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2007: SMBs to go big on IT

Analyst house predicts rising IT spending but a slow start for Microsoft's new operating system.
Written by Farihan Bahrin, Contributor

IT will be on the business agenda for many small and midsize businesses (SMBs) in 2007, but budgets look set to fall in line with business requirements like greater security and mobility, says AMI-Partners' latest report.

Among AMI's predictions for 2007: adoption of IP-based communications will gain momentum, while Windows Vista can expect a cool reception from SMBs.

Released by AMI-Partners Wednesday, the report lists 10 global SMB IT trends to watch.

• SMB spending to surpass large business IT spending in 2007
The worldwide IT spending by SMBs will grow by 10 percent in 2007, fueled by continued high double-digit growth in countries in the Big Four category, consisting of Brazil, Russia, India and China. In contrast, SMB IT spending in Japan and North America is poised to surpass spending by large businesses in 2007--a trend that has occurred in Asia-Pacific, Europe and Latin America, said AMI.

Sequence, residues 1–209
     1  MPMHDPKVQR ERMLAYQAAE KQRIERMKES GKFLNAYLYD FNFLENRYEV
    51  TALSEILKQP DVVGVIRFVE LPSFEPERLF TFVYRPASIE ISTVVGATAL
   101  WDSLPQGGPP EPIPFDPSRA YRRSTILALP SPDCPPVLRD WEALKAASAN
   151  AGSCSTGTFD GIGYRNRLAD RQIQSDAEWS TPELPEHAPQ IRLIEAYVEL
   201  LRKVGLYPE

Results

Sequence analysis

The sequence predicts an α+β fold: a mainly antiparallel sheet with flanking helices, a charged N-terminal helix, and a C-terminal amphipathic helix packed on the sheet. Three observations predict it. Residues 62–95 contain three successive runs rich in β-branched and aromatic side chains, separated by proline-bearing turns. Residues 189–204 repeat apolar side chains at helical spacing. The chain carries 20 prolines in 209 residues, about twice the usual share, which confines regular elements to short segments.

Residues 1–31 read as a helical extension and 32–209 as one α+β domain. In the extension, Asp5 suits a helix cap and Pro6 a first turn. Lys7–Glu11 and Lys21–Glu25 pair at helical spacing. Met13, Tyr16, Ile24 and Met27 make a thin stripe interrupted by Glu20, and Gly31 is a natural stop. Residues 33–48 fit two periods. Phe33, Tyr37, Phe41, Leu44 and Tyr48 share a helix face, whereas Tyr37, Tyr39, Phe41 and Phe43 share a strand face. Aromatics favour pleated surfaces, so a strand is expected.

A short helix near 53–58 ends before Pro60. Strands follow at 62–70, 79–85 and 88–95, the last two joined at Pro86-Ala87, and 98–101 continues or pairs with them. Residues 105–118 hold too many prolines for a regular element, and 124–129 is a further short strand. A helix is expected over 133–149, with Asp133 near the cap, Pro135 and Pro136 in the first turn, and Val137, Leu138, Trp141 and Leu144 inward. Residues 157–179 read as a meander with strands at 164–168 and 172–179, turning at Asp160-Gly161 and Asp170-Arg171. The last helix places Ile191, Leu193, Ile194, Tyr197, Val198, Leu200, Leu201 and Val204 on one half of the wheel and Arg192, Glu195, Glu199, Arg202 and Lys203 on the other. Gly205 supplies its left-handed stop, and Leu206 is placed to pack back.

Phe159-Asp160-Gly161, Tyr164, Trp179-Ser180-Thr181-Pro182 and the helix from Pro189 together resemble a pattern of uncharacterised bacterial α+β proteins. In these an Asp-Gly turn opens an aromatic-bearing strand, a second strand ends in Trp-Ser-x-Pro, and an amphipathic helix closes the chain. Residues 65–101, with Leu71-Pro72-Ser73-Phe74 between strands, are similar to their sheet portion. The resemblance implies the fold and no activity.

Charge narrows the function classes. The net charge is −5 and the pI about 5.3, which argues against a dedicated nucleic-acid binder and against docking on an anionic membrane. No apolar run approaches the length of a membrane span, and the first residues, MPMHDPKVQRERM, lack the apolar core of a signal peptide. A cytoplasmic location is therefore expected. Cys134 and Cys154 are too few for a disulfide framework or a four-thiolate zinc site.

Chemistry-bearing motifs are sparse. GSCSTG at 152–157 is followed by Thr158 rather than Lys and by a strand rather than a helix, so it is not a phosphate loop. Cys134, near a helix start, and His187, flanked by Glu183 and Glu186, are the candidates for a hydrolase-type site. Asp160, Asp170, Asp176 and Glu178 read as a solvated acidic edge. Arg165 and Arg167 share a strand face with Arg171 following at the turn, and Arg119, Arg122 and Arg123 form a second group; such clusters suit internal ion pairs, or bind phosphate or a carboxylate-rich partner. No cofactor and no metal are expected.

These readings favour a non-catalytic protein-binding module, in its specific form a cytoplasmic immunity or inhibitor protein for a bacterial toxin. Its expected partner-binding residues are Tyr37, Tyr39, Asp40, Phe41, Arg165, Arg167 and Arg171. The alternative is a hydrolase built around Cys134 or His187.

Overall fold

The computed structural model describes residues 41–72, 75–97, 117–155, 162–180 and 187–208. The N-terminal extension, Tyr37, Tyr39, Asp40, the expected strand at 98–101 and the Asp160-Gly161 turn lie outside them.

• Storage and security convergence will help SMBs move up the adoption curve
Storage and security spending will grow by 19 percent in 2007, with storage optimization and end-to-end security a top priority among mid-market businesses. In addition to all-in-one (AIO) network storage appliances, SMBs will also spend on advanced security solutions, such as intrusion detection, secure identity and access management, Web filtering, encryption, and automated patch management.

• Software-as-a-service (SaaS) vendors start a new chapter
SaaS vendors will be actively targeting the SMB segment as investments in SaaS is projected to grow by 19 percent over the next five years. SaaS vendors will increasingly focus providing customers with blueprints for business process improvement, pre-built integration products, more varied and flexible pricing options, and ecosystems that facilitate community relationships.

Powerhouses such as Microsoft, Google, IBM and Salesforce.com will battle it out, while new SaaS players emerge, and the likelihood of any one player or ecosystem dominating the landscape will be slim to none, said AMI.